Billy Chang stood before the crowd, his voice faltering as he tried to find the strength to speak a day after a gunman, allegedly fueled by hatred of the Taiwanese community, opened fire at a Laguna Woods church.
He and about 100 others were at Geneva Presbyterian Church on Sunday when the shooting occurred, leaving 52-year-old John Cheng dead and five others injured. Chang was among those who helped restrain the shooter, preventing further bloodshed.
“I want to say thank you to everyone who prayed for us in this difficult time,” he whispered into a microphone during a prayer vigil in Irvine on Monday.
Chang took off his glasses. Tears welled up and a group of pastors and local officials embraced him and prayed as he wept.
After a lineup of speakers — including pastors, city officials and law enforcement leaders — Chang’s short testimonial hit home for many, commanding a standing ovation from the audience of about 150.
The 67-year-old is the former pastor of Geneva Presbyterian Church and had attended Sunday’s service while visiting from Taiwan. The shooting took place during a lunch in Chang’s honor.
In an interview with The Times, Chang said he was one of the congregants who tackled the suspect. He and his wife heard the gunshots during the luncheon but weren’t sure what to think.
“At first, I was not sure what happened,” he said. “I thought it was a joke.”
He looked around and saw others had crouched down and realized the sound was of gunshots.
Chang spotted the shooter and ran up to him with a chair as his weapon.
“He got scared. I don’t think he expected someone to attack him,” he said.
Chang said he pushed the gunman to the floor and asked others for help. He called out to his wife to find something so they could tie the man up.
She brought him some electrical cord, and he and the others hogtied the suspect while others called 911, he said.
Investigators have provided few details but said they believe the deadly attack was a politically motivated hate incident.
“We believe, based on what we’ve discovered so far, that he specifically targeted the Taiwanese community, and this is one representation of that Taiwanese community,” said Orange County Sheriff Don Barnes, referring to the church.
The suspect was identified as David Wenwei Chou, 68, of Las Vegas.
Chou was born in mainland China and relocated to Taiwan before moving to the United States, Barnes said. He has been living in the United States for years and is a U.S. citizen.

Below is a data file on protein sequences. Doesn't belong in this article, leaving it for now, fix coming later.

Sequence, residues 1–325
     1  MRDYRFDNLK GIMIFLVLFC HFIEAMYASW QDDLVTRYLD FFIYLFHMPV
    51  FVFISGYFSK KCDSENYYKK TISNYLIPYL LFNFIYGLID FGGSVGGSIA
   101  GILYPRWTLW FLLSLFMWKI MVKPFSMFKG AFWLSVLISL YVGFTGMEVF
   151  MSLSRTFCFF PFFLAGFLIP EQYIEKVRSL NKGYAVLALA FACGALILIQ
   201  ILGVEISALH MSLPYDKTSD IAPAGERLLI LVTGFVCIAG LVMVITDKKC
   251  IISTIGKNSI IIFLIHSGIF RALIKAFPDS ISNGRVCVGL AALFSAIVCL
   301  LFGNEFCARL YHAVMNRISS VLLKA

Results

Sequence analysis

He was arrested Sunday and is being held in lieu of $1-million bail at the Orange County Intake Release Center, jail records show. He is scheduled to appear in court Tuesday.
Sheriff’s spokeswoman Carrie Braun said he was booked on one count of murder and five counts of attempted murder.
In addition to the local criminal case, the FBI has opened a federal hate crime investigation into the shooting, said Kristi Johnson, assistant director in charge of the bureau’s Los Angeles office.
The outburst of violence hit close to home for some in attendance at Monday’s vigil.
Albert Chen, a 65-year-old who lives in Mission Viejo, attended so he could pay his respects to Cheng, who was killed while charging at the gunman and attempting to disarm him.
Officials said that Cheng’s actions allowed others to subdue the shooter.
Chen, who is Taiwanese American and attends a Taiwanese church in Irvine, said Cheng was his primary physician.
“He was very kind, very caring. He was careful with my health,” Chen said.
He was accompanied at the vigil by his 34-year-old daughter, Joyce, who said she wanted to support her father and their community.
“The Taiwanese Christian community is very tight-knit,” she said.
The prayer vigil included pastors and congregants from various faith communities in Orange County. Among them was the Rev. Ralph E. Williamson, pastor of Christ Our Redeemer A.M.E. Church.
“It could have been this congregation,” Williamson said about the shooting. “We will not be intimidated by fear. We will not be afraid to come together and lift up our heads in the way we do.”
The pastor added that Monday’s vigil was also held in response to Saturday’s racially motivated mass shooting at a Buffalo, N.Y., supermarket.
A white gunman live-streamed his racist rampage as he opened fire with an AR-15-style rifle while clad in body armor, killing 10 people and wounding three others.
Of the 13 victims, 11 are Black and two are white, according to Buffalo Police Commissioner Joseph Gramaglia.
Officials also said the gunman traveled about 200 miles to target the historically Black community.
This story originally appeared in Los Angeles Times.